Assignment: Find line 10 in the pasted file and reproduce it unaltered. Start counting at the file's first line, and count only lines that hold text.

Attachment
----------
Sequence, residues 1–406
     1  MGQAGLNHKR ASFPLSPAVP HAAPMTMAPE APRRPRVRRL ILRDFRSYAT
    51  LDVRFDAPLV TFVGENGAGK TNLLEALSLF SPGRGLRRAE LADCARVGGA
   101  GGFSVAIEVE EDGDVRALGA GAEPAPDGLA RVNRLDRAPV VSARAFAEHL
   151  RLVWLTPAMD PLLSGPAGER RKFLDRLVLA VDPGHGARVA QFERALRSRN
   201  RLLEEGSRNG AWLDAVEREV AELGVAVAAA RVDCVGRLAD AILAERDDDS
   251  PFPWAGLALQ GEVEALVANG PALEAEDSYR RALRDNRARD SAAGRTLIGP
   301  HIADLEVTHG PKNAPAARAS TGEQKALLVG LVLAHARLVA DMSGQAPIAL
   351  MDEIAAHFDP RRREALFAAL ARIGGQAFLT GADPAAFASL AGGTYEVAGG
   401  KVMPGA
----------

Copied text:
   401  KVMPGA